It started, as many things do in journalism, with a pen and paper.
Close to three years ago at a Journalism That Matters event in Washington, D.C., John Hamer, president of the Washington News Council, was thinking about the double standard that exists with journalism and the institutions and people it covers.
“What journalism needs more of is the same things journalists ask of everyone they cover—it’s a two way street,” he said. “We should be transparent about who we are and what we believe, be accountable and admit our mistakes, and fess up and apologize and be open to a wide range of other voices. That’s what we have demanded of every other institution in society. All of a sudden I thought, ‘Transparency, accountability, openness—that spells TAO’.”
He wrote those three words down on a piece of paper and started gathering people around him to talk about the TAO of journalism, as it were. In the end, about twenty people joined him in a conference room to talk about how journalism and journalists could do a better job embracing these values. That moment of inspiration led to the TAO of Journalism, a voluntary seal program that Hamer has been working on ever since. After receiving a challenge grant from the Gates Foundation last fall (Hamer had to raise $100,000 in order for the Foundation to award him $100,000), he moved forward with the idea and has created a logo/seal:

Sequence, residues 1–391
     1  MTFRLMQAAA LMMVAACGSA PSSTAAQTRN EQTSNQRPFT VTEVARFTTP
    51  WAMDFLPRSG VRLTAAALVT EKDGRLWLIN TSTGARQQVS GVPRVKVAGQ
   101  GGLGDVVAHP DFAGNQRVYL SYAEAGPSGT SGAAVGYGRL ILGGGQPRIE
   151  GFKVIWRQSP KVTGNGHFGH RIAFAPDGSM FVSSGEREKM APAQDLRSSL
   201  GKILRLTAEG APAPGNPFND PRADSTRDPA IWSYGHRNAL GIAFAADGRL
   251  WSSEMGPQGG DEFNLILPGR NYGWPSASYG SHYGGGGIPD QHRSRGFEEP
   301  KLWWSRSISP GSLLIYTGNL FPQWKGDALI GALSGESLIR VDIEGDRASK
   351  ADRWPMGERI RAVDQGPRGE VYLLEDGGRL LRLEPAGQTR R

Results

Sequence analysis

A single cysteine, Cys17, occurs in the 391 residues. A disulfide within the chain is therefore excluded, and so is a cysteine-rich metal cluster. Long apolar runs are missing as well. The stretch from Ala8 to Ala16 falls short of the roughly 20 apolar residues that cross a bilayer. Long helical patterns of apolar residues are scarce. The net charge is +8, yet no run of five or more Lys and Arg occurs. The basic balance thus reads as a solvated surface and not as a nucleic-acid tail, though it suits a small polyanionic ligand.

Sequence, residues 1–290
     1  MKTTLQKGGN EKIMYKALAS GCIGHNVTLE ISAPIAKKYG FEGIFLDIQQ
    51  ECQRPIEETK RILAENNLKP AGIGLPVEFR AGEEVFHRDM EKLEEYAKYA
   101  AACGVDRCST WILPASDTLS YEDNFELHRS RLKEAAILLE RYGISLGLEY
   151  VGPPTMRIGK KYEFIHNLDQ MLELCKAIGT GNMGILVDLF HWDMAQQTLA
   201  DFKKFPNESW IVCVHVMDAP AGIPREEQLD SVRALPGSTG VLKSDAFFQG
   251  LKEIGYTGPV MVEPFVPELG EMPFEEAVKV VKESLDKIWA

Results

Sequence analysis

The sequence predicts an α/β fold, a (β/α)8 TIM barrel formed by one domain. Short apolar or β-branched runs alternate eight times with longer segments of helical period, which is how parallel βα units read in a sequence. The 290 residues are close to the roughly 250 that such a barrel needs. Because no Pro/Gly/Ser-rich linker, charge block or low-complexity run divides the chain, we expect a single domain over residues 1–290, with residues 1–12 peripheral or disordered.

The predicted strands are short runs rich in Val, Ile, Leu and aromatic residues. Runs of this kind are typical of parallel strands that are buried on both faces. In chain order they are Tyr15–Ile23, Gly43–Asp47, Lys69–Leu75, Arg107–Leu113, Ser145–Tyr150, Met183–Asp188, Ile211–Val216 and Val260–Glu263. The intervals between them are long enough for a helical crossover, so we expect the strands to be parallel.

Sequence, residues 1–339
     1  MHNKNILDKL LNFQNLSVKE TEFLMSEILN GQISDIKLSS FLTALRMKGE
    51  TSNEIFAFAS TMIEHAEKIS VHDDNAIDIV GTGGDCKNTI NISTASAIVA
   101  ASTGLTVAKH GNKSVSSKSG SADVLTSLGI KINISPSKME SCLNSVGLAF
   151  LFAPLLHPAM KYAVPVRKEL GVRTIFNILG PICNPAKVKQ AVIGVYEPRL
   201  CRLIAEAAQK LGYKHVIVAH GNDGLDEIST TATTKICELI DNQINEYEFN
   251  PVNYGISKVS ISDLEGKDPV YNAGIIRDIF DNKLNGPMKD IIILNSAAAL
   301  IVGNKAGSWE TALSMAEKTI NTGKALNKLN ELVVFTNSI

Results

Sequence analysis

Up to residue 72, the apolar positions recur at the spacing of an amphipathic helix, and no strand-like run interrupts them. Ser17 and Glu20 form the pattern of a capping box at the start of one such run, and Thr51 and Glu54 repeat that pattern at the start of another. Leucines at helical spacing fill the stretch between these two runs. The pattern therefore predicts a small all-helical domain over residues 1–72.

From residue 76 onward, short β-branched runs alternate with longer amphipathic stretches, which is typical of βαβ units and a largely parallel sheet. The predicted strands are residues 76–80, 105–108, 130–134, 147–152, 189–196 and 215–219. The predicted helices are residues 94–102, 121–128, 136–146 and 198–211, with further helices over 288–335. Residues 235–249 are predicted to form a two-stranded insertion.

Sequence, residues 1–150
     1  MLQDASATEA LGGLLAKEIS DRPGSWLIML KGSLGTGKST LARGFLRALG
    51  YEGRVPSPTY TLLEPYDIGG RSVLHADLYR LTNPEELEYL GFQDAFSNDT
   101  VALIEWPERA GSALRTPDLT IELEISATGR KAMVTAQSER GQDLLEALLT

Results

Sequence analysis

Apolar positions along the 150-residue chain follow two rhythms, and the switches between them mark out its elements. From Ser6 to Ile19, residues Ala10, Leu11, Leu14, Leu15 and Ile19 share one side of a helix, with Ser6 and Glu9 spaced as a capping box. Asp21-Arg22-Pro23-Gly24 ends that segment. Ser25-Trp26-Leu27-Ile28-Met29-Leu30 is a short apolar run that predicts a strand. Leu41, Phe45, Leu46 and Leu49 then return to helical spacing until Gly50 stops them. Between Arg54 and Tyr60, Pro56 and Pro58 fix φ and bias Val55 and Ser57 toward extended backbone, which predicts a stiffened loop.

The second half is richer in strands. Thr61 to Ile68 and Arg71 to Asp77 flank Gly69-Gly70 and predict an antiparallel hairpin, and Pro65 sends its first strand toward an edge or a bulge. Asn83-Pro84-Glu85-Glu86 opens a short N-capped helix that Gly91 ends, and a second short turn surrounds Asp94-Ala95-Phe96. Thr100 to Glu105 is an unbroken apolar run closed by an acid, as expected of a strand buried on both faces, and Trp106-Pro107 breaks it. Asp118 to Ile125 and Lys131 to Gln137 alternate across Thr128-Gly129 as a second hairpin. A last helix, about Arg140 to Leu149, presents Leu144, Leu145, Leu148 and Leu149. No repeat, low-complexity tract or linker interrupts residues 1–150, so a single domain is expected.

Now the hard work begins. He’s hoping news organizations, bloggers, and other journalistic operations will pay a small fee to sign up to the program and display the seal on their Web site, broadcast, or print edition. They would also be listed on TAO’s Web site. The idea is that by signing up they pledge to adhere to these ideals (or ones similar to them):
TRANSPARENT – You’ll fully disclose who you are and where you’re coming from. Your background, experience, education, and – importantly – payments and/or conflicts of interest. Are you being paid to blog? Are you affiliated with a political party or special-interest group? Are you lobbying for anyone? Are you promoting a product or cause?
ACCOUNTABLE – If you get the facts wrong or misrepresent something, you will admit it publicly and post/publish/print/podcast a correction or at least a clarification. You will fully explain what happened to cause the error or mistake. You will do a follow-up story if that is appropriate, putting the original material in better context. You will apologize and promise to be more careful next time.
OPEN – If there is a difference of opinion, you will be open to contrary positions. You will give the other side(s) opportunity and space to express views and engage in open public dialogue through comments or other means. If you are primarily engaged in opinion and commentary, you will make that clear on your site/publication – while inviting others to express their opinions through all feedback mechanisms.
This is similar to the online seal programs that emerged in response to concerns about data privacy. Today there is the BBBOnLine seal and the TRUSTe seal, both aimed at assuring Internet users that the site they’re on adheres to certain privacy and business principles. Hamer acknowledges that journalists are often wary of initiatives of this nature.